By: Graham Webster
Near the end of the three-year investigation that led to a front-page story today alleging sexual misconduct by the mayor of Spokane, Wash., the Spokesman-Review there took an unusual step — hiring a “forensic computer expert” to verify Mayor Jim West’s online activities by posing as a young man.
“We had allegations of Internet relationships on the record, one real-life individual, and we were in pursuit of other real-life individuals,” Editor Steven A. Smith told E&P Thursday afternoon. “We did not feel that, on the basis of their accounts only, we could publish that assertion. We felt strongly that we needed independent, irrefutable confirmation.”
The paper’s package of stories focused both on charges that West molested two boys many years ago and that he allegedly abused his position today in dealings with young men he met on the Web. (See earlier E&P story.)
From a technical standpoint, Smith said, no one on the Spokesman-Review staff had the expertise to record conversations and track IP addresses, so they hired the expert, a former U.S. Customs Service agent. Shortly after the professional joined the investigation, it became clear that they would have to create a fictional scenario, where the expert would pose as a young man who would be appealing to the mayor.
“Clearly this is, from an ethical standpoint, a step we would take with great reluctance,” Smith said. But the fact that the paper was dealing with the potential misuse of a public office and allegations involving actions that could put young people at risk led Smith to go forward with the plan. “On that basis we believed that extraordinary step was justifiable,” he said.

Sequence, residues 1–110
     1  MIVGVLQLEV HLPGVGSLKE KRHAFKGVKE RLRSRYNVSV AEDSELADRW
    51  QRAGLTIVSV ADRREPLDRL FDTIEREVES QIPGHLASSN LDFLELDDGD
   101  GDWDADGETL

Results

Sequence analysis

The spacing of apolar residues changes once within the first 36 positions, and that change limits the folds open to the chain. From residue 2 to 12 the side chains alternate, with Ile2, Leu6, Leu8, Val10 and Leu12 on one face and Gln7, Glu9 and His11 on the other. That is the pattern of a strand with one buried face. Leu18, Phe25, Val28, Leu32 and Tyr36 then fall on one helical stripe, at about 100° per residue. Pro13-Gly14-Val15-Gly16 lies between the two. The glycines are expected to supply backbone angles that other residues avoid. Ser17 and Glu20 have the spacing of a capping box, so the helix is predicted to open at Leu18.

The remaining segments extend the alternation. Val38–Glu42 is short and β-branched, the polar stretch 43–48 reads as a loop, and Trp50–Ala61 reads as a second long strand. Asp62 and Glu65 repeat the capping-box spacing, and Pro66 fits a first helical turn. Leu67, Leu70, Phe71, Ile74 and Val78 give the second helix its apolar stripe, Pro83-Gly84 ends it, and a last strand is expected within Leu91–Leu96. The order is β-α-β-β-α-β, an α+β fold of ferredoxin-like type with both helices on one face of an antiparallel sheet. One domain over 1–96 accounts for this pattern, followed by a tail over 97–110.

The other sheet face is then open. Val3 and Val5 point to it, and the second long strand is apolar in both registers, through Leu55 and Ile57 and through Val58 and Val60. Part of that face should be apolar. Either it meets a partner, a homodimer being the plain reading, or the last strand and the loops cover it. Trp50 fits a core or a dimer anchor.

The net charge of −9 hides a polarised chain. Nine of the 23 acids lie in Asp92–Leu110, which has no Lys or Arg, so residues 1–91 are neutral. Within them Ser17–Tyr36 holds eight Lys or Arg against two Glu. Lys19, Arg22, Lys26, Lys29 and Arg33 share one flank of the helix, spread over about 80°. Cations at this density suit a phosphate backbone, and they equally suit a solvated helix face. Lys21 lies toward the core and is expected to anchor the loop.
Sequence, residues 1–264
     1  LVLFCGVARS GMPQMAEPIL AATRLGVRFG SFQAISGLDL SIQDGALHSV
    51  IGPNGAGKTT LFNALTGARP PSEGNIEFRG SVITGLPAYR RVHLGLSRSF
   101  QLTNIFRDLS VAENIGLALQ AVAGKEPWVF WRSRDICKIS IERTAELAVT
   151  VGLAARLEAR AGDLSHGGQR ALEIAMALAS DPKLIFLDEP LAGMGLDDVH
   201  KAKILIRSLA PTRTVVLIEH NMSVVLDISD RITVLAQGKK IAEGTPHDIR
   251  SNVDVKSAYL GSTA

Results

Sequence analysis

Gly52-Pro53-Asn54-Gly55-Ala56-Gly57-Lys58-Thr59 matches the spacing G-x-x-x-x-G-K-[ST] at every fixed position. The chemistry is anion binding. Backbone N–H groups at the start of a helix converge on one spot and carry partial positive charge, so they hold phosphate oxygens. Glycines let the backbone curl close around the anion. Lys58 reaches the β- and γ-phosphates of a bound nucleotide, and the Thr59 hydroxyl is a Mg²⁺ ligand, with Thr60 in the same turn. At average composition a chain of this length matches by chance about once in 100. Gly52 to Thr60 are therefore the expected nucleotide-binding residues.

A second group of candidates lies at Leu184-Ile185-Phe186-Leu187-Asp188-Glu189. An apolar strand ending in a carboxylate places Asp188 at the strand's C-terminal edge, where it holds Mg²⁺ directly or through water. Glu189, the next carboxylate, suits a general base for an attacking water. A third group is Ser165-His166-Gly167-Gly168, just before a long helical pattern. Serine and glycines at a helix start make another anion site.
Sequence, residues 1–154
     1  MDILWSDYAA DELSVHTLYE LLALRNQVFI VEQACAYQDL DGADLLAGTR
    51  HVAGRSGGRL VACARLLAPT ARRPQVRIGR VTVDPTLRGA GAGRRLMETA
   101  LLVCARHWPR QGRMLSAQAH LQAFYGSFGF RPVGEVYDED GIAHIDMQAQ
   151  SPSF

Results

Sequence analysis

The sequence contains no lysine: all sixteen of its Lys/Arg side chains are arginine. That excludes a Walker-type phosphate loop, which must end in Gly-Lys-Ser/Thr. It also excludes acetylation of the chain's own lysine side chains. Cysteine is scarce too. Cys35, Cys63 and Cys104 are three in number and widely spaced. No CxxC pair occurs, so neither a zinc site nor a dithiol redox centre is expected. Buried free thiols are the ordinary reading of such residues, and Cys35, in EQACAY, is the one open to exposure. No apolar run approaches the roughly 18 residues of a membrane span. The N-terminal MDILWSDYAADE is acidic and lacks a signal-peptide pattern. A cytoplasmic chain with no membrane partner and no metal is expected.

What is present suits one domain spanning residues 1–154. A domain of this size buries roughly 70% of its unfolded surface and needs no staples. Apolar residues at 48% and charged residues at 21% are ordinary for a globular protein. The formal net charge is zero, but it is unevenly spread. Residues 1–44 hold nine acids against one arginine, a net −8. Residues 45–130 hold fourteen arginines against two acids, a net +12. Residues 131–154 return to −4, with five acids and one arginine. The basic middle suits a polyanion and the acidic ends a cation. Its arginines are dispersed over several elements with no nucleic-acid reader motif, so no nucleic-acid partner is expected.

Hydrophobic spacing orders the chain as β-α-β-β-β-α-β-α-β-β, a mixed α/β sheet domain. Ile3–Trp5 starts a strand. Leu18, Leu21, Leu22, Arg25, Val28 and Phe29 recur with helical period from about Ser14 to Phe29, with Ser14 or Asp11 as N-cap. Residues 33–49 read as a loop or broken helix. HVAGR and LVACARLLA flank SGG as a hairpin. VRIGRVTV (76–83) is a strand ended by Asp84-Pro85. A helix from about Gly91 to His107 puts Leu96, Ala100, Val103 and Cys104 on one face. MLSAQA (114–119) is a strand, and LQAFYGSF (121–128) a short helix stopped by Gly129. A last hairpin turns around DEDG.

“We personally discussed it with other folks in our business. I talked with friends and colleagues in our business. I discussed it with an academic. We even consulted, late in the process, journalism ethicists,” Smith told E&P. Noting that some might disagree, Smith said everyone consulted “believed that in the balancing act we had asked the right questions and had reached the right conclusions.”
Even as the reporting team moved forward, Smith said the paper kept open the possibility that they would not use the product of the fictional scenario. Meanwhile, the number of people aware of the investigation was kept to six, including two reporters and a photographer. “If information that was not confirmed had leaked out and done damage, that would have been unconscionable,” Smith said.
To keep the secret, Bill Morlin, the paper’s lead investigative reporter, and Karen Dorn Steele, another investigative reporter assigned to the story, were given private offices outside the newsroom.
The paper broke its secrecy Tuesday, when it contacted West for comment. In a similar case last year, the Willamette Week in Portland, Ore., almost lost its scoop when it informed former Oregon governor Neil Goldschmidt of its plans to release a story on his sexual misconduct in the 1970s. The weekly gave Goldschmidt one week to comment, and he went straight to the Oregonian and confessed. The Week ultimately won a Pulitzer Prize this year for its reporting.
Smith was aware of the Oregon incident when they gave West two days’ notice. “We made the determination here that we were not going to be stampeded into publication by competition, and not going to be stampeded into publication by the mayor,” Smith noted.
The paper had interviewed West in 2003 as part of its initial probe into a related abuse story, so the current scandal “was not nearly as out of the blue as, say, the Goldschmidt story was in Portland.”
Smith said the paper had already heard today from about 100 people by phone or e-mail, and 6 had cancelled their subscriptions in protest. Smith, whose paper endorsed West repeatedly over the years, said he has been a good mayor: “After many, many years of local political chaos, Jim West as a politician and as mayor brought order, civility, and an effective management style to city hall that has been extremely effective.”